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State Amateur Champion, Steven Fox, putts during the final round of the State Amateur Golf Tournament on Friday at the Chattanooga Golf and Country Club. Fox finished the tournament with a score of 270, 10 under par.

Former University of Tennessee at Chattanooga standout Steven Fox has said all summer long that he would become a professional golfer sometime after the 2013 U.S. Amateur.

That time came Friday.

Meister Sports Management announced Fox's declaration Friday morning in time for it to receive mention on the GolfChannel's program "Morning Drive" from co-hosts Holly Sonders and Honors Course member Charlie Rymer.

"It does feel official today," Fox said. "Now that it's finalized, I get to call myself a pro."

Fox, who spent his high school years in Hendersonville, Tenn., rose to national attention by coming back from 2 down with two holes to play and winning the 2012 U.S. Amateur championship at fabled Cherry Hills Golf Course outside of Denver.

That victory earned him a spot on the United States team in the World Amateur Team Championship, which he helped America win. It also garnered him automatic starts in the Masters, the U.S. Open and the British Open.

Fox played in a total of nine events against PGA Tour professionals in the last year. His best finish came at the Crowne Plaza Invitational at Colonial, where he shot 71-69 but missed the cut.

Fox missed the match-play field of 64 at this year's U.S. Amateur in his attempt to defend his national championship.

"He's a good, fun kid and he's got so much talent and he brings that talent and personality to the golf course, and that's what people want to see," said Inga Hammond, who is one of three executives at Meister Sports Management handling Fox. "He had drama with his win at the Am, and you know he's going to have more dramatic moments in his golf career."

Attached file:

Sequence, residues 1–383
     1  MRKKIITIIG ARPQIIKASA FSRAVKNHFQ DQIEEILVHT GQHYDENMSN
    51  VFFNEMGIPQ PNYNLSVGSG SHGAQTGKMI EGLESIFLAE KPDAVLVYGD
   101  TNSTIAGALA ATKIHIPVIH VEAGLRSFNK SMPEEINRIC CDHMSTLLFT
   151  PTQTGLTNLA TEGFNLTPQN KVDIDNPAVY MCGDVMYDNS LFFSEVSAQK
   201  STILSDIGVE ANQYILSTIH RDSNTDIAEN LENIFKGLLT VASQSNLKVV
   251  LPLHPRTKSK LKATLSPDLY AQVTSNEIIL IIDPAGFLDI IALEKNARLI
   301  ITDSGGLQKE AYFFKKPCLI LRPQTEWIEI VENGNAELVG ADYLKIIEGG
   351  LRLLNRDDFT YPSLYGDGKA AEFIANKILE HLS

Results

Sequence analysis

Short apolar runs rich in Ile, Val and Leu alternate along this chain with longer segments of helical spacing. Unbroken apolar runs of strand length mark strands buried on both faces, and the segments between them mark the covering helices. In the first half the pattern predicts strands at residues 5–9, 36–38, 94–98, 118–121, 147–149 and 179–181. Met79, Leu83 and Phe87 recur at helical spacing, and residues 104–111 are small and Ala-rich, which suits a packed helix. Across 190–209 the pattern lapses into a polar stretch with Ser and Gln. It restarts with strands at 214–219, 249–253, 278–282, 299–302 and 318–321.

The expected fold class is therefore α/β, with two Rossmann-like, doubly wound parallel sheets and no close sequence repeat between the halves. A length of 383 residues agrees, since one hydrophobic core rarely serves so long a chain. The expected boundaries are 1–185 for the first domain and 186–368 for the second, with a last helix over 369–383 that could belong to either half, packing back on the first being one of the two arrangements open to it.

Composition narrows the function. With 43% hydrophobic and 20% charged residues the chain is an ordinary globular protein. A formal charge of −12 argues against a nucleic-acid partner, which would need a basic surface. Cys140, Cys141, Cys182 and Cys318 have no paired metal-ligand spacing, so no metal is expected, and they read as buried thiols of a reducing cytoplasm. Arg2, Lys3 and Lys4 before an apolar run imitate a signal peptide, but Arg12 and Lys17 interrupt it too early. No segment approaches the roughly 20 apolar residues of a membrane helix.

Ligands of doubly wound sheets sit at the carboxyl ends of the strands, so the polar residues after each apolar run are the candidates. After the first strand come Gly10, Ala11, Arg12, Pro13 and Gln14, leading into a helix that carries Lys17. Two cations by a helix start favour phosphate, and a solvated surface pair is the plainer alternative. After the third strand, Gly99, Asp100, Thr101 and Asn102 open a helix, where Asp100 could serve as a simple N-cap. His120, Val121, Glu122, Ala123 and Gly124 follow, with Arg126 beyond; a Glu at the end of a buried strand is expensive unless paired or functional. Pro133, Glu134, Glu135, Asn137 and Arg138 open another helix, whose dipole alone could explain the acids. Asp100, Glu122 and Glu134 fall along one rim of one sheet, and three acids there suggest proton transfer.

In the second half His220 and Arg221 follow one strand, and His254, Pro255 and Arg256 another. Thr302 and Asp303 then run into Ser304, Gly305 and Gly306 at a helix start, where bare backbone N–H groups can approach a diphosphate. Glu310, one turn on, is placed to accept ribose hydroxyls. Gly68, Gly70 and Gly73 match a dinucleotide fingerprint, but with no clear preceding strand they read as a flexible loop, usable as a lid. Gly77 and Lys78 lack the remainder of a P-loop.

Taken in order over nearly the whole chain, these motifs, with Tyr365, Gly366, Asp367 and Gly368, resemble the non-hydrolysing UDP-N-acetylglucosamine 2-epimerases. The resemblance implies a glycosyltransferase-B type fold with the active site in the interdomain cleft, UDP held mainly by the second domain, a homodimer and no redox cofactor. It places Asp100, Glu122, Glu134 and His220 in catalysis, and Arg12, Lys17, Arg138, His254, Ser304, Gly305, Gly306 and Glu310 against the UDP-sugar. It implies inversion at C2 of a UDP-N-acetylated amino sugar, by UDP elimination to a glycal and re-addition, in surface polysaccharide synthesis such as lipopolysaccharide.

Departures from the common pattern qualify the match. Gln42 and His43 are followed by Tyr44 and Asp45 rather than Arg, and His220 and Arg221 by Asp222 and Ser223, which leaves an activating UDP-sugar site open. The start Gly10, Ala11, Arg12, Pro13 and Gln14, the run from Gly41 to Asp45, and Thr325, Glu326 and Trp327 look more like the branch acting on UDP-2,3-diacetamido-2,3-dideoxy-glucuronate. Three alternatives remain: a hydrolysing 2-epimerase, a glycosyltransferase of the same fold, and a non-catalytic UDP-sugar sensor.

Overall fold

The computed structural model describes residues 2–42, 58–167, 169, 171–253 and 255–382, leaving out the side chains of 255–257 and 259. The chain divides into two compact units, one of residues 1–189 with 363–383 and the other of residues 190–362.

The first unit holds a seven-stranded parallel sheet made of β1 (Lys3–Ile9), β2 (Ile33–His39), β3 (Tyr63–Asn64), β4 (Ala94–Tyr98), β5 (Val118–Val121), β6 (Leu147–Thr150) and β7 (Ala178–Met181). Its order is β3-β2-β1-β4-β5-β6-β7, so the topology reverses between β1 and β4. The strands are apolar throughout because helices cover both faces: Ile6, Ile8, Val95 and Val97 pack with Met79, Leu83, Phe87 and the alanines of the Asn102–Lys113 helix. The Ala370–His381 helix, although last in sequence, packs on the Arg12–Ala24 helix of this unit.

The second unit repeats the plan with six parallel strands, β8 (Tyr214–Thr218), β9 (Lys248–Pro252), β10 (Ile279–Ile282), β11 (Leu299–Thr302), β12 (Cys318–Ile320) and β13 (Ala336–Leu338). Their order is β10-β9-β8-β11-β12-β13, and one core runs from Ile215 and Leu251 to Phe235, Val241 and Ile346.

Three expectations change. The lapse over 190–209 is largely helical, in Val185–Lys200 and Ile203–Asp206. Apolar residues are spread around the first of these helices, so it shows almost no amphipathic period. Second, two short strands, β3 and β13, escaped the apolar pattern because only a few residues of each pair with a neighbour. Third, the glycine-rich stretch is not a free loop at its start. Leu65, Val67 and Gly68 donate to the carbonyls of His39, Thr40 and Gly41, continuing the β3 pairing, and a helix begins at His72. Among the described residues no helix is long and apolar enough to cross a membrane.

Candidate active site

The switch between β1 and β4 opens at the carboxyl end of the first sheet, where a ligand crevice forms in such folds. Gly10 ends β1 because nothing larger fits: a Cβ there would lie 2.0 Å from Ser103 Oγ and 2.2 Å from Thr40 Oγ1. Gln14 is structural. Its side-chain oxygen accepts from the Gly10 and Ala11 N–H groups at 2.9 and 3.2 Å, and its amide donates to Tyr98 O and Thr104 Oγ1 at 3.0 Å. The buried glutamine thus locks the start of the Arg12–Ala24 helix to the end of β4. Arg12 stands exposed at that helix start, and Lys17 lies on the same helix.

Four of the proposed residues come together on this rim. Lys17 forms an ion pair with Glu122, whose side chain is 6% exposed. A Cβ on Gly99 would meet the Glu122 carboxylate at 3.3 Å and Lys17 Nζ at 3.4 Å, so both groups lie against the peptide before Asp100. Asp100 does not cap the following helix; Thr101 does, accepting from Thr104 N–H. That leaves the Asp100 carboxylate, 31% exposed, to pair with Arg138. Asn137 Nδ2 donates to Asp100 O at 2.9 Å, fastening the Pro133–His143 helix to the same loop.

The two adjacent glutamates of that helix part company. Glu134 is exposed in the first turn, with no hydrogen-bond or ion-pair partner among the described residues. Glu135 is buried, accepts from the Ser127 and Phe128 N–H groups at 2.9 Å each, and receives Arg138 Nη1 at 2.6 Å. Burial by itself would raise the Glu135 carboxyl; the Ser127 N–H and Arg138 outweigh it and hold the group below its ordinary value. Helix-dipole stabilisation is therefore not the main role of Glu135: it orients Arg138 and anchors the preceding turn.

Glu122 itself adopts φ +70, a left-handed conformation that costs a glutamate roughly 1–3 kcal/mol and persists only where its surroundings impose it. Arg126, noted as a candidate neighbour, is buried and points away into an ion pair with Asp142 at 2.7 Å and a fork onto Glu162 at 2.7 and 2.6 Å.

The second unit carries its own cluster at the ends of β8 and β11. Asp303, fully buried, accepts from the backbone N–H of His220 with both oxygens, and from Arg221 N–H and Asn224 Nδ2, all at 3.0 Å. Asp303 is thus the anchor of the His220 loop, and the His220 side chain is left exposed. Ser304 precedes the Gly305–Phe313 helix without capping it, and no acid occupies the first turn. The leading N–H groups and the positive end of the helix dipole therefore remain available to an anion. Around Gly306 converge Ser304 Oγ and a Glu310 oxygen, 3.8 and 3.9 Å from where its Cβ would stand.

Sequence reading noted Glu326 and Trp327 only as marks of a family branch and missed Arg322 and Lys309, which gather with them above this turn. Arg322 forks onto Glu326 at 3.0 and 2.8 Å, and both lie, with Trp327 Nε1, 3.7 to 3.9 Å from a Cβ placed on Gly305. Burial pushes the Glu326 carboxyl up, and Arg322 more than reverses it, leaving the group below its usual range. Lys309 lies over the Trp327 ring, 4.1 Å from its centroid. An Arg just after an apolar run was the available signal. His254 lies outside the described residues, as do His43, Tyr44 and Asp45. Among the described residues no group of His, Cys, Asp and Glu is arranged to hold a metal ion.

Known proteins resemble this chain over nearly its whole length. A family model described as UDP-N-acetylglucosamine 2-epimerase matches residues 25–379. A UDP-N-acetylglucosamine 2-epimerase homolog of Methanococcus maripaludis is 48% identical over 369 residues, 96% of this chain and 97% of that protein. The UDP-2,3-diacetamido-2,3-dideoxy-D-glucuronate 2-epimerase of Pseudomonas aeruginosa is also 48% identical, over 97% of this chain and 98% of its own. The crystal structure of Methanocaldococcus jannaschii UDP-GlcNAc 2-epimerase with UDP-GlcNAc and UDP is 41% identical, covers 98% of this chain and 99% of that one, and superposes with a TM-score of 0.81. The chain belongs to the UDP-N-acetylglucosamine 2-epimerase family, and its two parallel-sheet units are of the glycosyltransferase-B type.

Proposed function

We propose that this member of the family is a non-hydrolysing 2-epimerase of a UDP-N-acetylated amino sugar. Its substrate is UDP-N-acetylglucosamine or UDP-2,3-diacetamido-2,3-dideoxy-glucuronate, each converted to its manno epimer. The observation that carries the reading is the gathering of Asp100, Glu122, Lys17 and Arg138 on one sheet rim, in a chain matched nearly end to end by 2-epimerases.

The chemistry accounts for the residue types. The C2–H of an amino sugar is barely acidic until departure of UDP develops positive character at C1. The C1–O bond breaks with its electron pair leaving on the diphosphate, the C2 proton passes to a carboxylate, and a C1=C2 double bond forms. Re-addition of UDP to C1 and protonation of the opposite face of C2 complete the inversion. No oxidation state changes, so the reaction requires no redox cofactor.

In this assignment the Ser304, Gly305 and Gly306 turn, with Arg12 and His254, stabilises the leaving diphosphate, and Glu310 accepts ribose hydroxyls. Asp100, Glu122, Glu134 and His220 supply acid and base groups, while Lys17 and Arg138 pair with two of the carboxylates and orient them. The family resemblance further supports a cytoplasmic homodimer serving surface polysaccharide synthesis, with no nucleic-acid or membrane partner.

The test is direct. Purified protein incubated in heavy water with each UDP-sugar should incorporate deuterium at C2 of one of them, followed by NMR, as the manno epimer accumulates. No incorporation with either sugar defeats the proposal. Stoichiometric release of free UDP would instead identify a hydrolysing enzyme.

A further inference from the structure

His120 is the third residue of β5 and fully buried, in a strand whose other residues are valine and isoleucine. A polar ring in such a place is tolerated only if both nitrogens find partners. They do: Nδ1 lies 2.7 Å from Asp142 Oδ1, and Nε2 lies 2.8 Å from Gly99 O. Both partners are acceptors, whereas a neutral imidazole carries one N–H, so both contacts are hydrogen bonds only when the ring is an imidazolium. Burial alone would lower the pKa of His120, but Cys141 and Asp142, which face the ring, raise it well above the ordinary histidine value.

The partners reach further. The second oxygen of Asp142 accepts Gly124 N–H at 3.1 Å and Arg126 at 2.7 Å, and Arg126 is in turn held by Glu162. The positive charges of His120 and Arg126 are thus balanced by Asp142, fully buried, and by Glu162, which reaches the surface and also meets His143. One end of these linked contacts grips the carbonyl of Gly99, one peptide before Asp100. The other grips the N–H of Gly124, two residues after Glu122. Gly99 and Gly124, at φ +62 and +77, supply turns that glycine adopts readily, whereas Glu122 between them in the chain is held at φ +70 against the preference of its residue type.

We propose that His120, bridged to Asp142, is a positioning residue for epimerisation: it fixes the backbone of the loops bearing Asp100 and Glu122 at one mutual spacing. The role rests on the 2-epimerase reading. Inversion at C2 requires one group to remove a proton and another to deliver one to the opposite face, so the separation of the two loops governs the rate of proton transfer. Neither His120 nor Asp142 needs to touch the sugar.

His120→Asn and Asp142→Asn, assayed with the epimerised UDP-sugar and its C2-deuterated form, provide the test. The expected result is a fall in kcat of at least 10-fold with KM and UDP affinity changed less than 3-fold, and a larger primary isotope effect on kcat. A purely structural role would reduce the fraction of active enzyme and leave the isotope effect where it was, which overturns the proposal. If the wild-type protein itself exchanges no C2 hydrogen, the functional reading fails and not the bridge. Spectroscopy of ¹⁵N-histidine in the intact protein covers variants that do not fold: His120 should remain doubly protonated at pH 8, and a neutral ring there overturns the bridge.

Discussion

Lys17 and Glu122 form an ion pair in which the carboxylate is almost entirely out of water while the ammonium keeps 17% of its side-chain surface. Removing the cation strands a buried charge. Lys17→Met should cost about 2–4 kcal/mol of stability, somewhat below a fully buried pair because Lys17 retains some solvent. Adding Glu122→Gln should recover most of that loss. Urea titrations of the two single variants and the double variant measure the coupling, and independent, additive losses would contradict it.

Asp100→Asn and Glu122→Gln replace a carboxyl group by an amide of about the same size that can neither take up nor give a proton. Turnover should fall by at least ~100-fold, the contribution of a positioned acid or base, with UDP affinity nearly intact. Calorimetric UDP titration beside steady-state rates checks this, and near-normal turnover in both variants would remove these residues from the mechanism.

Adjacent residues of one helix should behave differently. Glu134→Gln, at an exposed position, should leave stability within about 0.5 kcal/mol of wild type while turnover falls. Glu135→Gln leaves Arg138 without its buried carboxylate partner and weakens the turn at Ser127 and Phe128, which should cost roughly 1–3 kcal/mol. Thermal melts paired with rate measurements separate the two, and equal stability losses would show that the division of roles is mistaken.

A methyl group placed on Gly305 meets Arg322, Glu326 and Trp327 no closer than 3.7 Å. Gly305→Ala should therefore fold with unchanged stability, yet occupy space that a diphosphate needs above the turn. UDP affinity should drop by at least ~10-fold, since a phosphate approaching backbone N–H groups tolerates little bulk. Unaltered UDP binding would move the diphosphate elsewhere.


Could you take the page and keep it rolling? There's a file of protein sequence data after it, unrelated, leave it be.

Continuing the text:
Fox will begin his professional career in a Tour qualifying event. He does not know the date or location of the tournament. A new system implemented for this year allows qualifiers only to earn Tour cards instead of the old system, where players could go through Q-School and earn status on the PGA Tour.

But educational classes come first this fall.

"I'm taking 13 hours with no class on Wednesday or Fridays so I get to practice," said Fox, who is residing on campus with three former UTC teammates. "There's no more college golf for me. I have a lot of good memories with the team."

Fox will make more memories in the future.

Meister Sports won the courting of Fox in part because it's a smaller sports agency and in large part because the decisive meeting happened in his family's dining room and living room instead of a restaurant where others had courted him. The agency's most well-known athlete is retired baseball pitcher Randy Johnson.

"They were in the picture the whole time," Fox said. "That meeting was close to five hours."

The agency, Hammond said, will be responsible for Fox's appearances, his sponsorships -- from Chattanooga- and Nashville-based companies -- as well as equipment endorsement.

"One of the big things we believe in are the home ties," Hammond said. "We're looking at Tennessee businesses in Hendersonville, Nashville and Chattanooga to sponsor him.

"He's the future. He's got so much talent, and with that talent he brings personality to he course, and that's what people want to see."

Contact David Uchiyama at or 423-757-6484. Follow him at